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Navigating Personalization, Technology, and Ethics in Marketing
When 73% of consumers expect a personalized experience with your brand, what is your organization doing to meet those expectations?
Personalizing your marketing at scale can appear intimidating considering the scope. When factoring in how to tailor your content, use data and technology, and engage your audience no matter how large that number gets-it can be tempting to ignore the popular recommendations and keep plodding along with the same old routine.
But the good news is that it doesn’t have to be complicated. Breaking it down into bite-size pieces by targeting your customers, taking advantage of technology, and following up with secure, ethical practices, will ensure your company is delivering personalization at scale.
Target, as in target your audience by gathering the best data. Collecting heaps of data on your customer’s habits and preferences is not always the best approach. This is time consuming and can lead to dead ends. Consider targeting the most effective data, such as personal information in exchange for discounts. If 80% of consumers are willing to share personal info in return for special offers, a customer loyalty program could be a lucrative answer.
Or, target recommendations. According to Industry Arc, the recommendation engine market is projected to reach over $12 billion by 2025. Studies show that 71% of consumers expect a personalized shopping experience. One way to do this is by using a product personalization program.
Using product personalization software allows your organization to make recommendations. It’s all in the programming. Take email. When a customer abandons their cart, a personalized email can be sent with recommendations of similar products. Or, send a follow-up email after a purchase recommending an item which complements their purchase.
Adding product badges is another way to personalize recommendations. If you aren’t familiar with product badges, also known as labels or stickers, they are great tools to grab the attention of your customers while pursuing your website. Think of terms like, “staff pick,” “our faves,” or “top seller.” These labels are quick and easy ways to recommend products.
Some common obstacles for businesses trying to scale are admitting they are not making personalization a priority, not being aware of what they should be doing, and not having technology that is user-friendly.
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The benefits of personalizing your customer’s experience are well-known, but how, exactly, do you execute? Other than using Google Analytics or machine learning algorithms, customer data platforms, known as CDPs, are hard to beat.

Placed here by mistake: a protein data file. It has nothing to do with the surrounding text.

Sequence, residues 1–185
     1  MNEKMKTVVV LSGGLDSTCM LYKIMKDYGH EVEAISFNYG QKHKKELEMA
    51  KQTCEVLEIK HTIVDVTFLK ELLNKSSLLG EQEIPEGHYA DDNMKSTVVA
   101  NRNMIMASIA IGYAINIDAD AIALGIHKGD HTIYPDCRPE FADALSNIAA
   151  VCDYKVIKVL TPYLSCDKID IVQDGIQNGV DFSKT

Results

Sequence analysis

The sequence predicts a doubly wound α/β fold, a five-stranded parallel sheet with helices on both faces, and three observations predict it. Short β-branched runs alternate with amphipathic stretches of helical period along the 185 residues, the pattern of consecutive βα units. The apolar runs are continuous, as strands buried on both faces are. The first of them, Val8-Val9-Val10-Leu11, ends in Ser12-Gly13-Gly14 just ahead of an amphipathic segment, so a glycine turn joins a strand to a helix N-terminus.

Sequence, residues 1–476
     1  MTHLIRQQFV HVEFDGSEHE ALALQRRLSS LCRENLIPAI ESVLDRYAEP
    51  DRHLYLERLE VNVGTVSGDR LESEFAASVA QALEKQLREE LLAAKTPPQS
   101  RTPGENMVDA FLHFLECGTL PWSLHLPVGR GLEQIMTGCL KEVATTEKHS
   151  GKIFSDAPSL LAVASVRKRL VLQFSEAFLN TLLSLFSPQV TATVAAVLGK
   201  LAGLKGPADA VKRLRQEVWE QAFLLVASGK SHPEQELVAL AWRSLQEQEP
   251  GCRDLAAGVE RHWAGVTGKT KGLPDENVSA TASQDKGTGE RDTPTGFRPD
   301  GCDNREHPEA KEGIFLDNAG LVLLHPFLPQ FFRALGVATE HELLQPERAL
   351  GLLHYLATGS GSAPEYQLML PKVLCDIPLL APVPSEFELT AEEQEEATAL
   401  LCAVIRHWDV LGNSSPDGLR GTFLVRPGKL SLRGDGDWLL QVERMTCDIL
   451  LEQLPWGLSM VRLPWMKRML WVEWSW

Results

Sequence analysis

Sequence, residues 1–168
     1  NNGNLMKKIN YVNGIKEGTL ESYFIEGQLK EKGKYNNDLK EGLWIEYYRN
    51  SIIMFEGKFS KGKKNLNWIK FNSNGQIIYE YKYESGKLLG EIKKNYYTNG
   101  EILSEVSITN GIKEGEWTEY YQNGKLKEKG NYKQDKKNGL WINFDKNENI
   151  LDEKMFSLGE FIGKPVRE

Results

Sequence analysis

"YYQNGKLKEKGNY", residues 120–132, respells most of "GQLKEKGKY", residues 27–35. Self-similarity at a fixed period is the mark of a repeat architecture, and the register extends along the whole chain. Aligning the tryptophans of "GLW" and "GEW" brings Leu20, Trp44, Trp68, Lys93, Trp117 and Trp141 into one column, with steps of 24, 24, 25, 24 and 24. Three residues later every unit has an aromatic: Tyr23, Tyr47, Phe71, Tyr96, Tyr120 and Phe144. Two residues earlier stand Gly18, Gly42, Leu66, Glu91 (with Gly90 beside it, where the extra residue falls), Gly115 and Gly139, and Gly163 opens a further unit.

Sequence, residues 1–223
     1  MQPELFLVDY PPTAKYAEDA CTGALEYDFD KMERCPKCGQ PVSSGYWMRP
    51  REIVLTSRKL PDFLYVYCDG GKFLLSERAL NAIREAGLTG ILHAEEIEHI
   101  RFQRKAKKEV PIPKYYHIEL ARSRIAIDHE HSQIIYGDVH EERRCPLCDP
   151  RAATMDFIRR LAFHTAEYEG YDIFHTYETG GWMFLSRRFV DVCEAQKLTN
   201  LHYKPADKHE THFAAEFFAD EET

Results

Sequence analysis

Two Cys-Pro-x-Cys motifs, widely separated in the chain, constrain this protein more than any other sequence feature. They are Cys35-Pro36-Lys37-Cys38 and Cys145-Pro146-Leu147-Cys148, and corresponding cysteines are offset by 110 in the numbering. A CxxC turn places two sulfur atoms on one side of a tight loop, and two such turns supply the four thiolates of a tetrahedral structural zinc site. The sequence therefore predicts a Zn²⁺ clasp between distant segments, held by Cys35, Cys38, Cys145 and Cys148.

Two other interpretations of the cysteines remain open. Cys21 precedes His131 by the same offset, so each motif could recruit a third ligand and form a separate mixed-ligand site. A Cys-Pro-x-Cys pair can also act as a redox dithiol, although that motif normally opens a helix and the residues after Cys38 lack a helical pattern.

Three of the top rated programs, according to a G2 review, are Insider, Klaviyo, and Bloomreach. The benefit of using a CDP is it can collect, organize, store, and provide accessible data from multiple sources such as websites, social media and email, in an easy to use program.
To explore a list of highly rated customer data platforms, check out this report from Gartner Peer Insights. It covers an extensive list of ratings and reviews of top performers.
Another option is a data warehouse. Google offers Big Query, described as, “a serverless and cost-effective enterprise data warehouse that works across clouds and scales with your data.” Big Query is one of many data warehouse platforms that work much the same as a CDP but claim to be more cost effective.
Ethics, Safety and Privacy
If 17% of consumers aren’t willing to share their data and over half are concerned about privacy, what can you do to alleviate their concerns? First, be certain your business is following the 5 principles of data ethics which include taking ownership, being transparent, providing privacy, being intentional, and monitoring outcomes.
When taking ownership of another’s personal information, you must be certain permission was granted. Being transparent means you are up front about how you intend to use the data. It is your responsibility to keep that data safe, so be positive you are storing data in a secure location. As long as your intentions for collecting the data are good, you are within your rights to collect it. Finally, by considering outcomes ahead of time, it is possible to prevent disparate impact which is unlawful and causes unintentional harm to groups of people.
According to IBM, the average cost of a data breach in 2023 was 4.45 million. When it comes to safety and privacy, explore the Federal Trade Commission's recommendations to be certain that your company is not overlooking any important steps.
Personalization at scale can be accomplished in small steps by gathering valuable data, making sure it is accessible, and ensuring its safety.